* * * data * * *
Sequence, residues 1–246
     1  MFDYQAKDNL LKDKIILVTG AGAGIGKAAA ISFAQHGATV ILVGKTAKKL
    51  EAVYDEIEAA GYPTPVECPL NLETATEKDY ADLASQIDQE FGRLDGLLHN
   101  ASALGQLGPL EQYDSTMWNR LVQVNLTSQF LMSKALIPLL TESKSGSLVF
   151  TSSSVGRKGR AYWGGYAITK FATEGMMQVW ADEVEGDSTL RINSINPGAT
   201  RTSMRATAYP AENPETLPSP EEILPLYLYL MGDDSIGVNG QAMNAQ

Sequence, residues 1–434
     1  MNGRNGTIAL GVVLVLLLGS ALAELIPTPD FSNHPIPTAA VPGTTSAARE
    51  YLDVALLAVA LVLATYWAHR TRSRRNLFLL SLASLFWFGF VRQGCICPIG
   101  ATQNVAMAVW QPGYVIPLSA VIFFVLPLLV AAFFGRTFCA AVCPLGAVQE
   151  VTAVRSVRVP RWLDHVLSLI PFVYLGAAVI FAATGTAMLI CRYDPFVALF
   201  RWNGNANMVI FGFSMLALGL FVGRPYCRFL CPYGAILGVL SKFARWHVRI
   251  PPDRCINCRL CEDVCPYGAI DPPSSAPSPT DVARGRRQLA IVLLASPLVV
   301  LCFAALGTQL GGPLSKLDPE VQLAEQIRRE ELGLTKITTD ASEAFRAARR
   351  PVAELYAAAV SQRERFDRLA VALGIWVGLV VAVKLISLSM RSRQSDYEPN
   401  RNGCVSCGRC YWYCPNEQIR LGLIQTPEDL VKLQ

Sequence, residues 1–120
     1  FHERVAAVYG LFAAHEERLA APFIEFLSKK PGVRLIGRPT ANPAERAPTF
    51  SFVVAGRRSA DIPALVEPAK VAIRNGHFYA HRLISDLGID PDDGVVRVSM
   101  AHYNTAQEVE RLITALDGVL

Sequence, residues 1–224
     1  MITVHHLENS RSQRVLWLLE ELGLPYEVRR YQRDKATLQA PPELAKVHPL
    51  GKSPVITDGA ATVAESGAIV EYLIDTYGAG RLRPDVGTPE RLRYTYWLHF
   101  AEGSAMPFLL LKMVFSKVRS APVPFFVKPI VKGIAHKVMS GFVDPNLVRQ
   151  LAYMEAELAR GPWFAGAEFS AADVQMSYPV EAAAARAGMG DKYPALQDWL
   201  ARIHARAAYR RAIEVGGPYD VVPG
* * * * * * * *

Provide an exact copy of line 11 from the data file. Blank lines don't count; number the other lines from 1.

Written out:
   151  VTAVRSVRVP RWLDHVLSLI PFVYLGAAVI FAATGTAMLI CRYDPFVALF